Share on FacebookTweet about this on TwitterShare on LinkedInEmail this to someonePrint this page

family background/Matt is the first generation of his family to work in agriculture. He has a horticulture degree from Washington State University and a career as a crop consultant. He’s the son of Michelle and Dave Duke.
age/27
grower/in Yakima, Washington
crops/Apples, cherries, pears and stone fruit
business/G.S. Long

How did you get your start?
Matt Duke, a young grower from Spokane, and working in Yakima Washington, talks about being a first generation farmer joining the tree fruit industry on August 28, 2018. (TJ Mullinax/Good Fruit Grower)I grew up in Spokane. I didn’t know a single thing about agriculture. I didn’t grow up being exposed to it other than the food on my plate.

By the time I was near graduation from high school, Ted Dietrich, a family friend, got me interested in the industry. He pointed me toward WSU, guided me in what classes I needed to take and the direction I needed to go to pursue this career.

Why major in agricultural production management?
It was a push to find a career that had stability and long-term growth. I wanted to find something that I could find enjoyment in and that was outside, not sitting behind a desk. Those factors pushed me in that direction. This job is exactly what I was looking for.

What was your college path like?
When I was starting out in my agriculture coursework, I didn’t really know what I was going to be learning. It started out with a lot of general courses that try to set students up with a solid foundation. Then, as I got into the later courses, it was easier to find my way.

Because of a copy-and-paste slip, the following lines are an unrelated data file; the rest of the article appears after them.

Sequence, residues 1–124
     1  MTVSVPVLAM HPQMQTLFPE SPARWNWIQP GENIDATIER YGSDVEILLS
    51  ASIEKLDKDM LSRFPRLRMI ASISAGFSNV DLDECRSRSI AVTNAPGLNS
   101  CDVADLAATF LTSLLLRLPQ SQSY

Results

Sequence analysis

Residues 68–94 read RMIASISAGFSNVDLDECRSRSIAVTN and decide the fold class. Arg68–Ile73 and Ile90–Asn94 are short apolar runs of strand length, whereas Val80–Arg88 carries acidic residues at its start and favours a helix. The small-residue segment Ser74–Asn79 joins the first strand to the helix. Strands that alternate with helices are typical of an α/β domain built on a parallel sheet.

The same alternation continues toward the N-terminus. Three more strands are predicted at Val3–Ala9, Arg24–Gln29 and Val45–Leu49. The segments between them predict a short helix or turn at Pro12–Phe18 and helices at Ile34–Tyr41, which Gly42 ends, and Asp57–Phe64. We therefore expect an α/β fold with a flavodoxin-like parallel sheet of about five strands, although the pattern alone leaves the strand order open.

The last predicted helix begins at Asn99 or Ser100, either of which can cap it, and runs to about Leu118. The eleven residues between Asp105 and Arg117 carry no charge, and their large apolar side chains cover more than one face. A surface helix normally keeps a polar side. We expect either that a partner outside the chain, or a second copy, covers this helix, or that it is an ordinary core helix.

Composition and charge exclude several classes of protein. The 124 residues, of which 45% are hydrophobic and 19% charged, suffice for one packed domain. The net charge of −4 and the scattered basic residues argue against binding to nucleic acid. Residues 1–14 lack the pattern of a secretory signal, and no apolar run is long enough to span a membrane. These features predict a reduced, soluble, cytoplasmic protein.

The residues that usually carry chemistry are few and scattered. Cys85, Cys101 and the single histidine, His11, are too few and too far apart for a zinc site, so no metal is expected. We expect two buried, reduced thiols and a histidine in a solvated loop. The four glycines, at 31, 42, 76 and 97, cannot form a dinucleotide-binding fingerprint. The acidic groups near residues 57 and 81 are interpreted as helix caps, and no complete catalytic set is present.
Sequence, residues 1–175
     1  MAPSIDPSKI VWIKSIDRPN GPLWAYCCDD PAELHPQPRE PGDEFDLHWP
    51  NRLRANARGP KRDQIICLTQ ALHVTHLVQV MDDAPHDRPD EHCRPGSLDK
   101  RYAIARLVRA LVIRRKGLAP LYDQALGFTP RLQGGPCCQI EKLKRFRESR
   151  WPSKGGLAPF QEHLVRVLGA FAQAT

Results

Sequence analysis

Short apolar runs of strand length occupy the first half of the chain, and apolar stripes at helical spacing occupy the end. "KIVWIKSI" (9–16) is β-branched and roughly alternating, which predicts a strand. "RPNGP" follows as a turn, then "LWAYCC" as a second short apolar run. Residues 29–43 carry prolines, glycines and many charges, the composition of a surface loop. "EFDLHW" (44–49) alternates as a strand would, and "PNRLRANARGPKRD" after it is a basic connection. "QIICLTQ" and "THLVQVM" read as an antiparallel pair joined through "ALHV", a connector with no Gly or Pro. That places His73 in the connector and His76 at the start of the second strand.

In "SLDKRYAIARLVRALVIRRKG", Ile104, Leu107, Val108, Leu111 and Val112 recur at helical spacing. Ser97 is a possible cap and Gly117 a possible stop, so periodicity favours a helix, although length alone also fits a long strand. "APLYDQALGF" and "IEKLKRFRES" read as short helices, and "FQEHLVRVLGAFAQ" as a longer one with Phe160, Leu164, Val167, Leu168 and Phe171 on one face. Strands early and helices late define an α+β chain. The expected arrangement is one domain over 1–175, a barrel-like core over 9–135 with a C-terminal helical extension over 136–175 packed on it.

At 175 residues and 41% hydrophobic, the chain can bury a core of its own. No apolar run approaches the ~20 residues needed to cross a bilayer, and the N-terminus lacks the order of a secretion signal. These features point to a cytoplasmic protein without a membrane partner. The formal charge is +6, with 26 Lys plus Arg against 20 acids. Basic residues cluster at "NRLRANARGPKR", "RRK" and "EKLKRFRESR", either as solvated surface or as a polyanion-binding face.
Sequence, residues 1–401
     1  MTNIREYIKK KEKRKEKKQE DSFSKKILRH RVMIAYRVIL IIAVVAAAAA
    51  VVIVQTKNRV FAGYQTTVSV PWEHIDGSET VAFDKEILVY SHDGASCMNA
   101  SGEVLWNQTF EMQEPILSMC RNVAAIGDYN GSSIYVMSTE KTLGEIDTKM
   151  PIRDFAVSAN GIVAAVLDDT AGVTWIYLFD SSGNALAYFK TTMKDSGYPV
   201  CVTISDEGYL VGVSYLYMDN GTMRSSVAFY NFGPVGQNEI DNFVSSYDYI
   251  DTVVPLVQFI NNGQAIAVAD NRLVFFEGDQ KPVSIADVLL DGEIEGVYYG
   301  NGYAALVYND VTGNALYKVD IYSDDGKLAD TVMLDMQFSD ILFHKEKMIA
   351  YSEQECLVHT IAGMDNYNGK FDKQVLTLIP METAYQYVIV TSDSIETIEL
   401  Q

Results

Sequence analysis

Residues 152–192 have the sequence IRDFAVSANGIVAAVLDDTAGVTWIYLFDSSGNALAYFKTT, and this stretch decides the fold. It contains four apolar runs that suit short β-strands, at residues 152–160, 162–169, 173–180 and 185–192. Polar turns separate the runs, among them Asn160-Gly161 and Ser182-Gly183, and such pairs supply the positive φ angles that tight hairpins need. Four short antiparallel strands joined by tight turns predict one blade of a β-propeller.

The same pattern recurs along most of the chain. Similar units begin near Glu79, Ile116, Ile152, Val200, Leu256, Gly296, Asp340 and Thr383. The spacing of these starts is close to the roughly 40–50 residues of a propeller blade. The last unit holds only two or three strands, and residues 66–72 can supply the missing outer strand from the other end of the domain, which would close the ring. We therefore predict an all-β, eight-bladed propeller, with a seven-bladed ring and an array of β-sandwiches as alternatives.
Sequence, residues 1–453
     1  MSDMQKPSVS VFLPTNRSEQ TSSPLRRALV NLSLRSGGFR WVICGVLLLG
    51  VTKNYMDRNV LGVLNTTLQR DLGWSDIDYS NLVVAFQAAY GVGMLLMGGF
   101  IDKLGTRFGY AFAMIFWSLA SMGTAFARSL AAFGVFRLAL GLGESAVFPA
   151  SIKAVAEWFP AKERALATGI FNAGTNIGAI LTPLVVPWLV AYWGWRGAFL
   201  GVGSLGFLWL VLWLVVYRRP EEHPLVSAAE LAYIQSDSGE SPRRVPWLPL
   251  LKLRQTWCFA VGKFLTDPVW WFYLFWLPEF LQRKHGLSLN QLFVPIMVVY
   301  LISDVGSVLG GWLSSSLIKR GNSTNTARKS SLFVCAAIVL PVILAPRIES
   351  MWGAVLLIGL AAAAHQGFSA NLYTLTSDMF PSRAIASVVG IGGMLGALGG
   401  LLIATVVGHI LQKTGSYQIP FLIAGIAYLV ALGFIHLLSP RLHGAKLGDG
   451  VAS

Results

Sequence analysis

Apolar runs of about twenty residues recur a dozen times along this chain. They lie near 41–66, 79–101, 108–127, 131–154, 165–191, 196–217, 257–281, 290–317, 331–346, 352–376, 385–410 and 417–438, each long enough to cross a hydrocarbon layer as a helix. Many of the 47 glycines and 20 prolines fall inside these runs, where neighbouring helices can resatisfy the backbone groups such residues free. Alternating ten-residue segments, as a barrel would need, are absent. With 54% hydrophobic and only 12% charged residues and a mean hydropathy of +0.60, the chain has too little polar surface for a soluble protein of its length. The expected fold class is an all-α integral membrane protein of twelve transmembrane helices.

During my junior year, I had an internship with G.S. Long where I was exposed to field work, and then the courses began to sync in.

Things like soil sciences, chemistry, crop sciences, biology, entomology — those kinds of courses really took hold — helping me understand what I was going into.

What did you learn through the internship?
I really think they’re important if you’re on the fence about a job or career path you want to take. It’s something that gives you exposure to a field and helps give you an idea whether you want to continue or if you should change gears and refocus your efforts on a different career path.

I think my internship helped me understand what I’d be doing as a consultant and focus my final college courses. For instance, before the internship, entomology wasn’t on my radar until I got out in the field.

I was able to talk with other consultants and I learned that I needed to take entomology courses before graduating.

What are some of your duties as a consultant?
I’m learning every single day I come to work and I’m finding ways to be better. I feel like I’m getting a graduate level of education being out in the field.

From inspecting for insects, writing recommendations, figuring out what needs to be done to keep the crop clean and getting it into the sheds.

Going into the fall, I’m in meetings preparing for the next year, learning and staying up to date on the latest regulations and newest products.

What changes have you seen from college to now?
During my undergraduate courses, there was a lot of talk about organics. It wasn’t happening just yet on a large scale. I’ve seen a big expansion in organic production in tree fruit since I joined G.S. Long five years ago.

What would you tell other young growers?
For a new individual coming into the industry, you need to know that working in agriculture is harder than you might think, but you get out what you put in.

Some of the hardest working people you’ll ever meet work in this industry — all aspects of this industry.

Being able to provide a clean product during the year and help growers get through the season is very rewarding. It’s nice being part of something many people have pride in and who put in a lot of time and energy.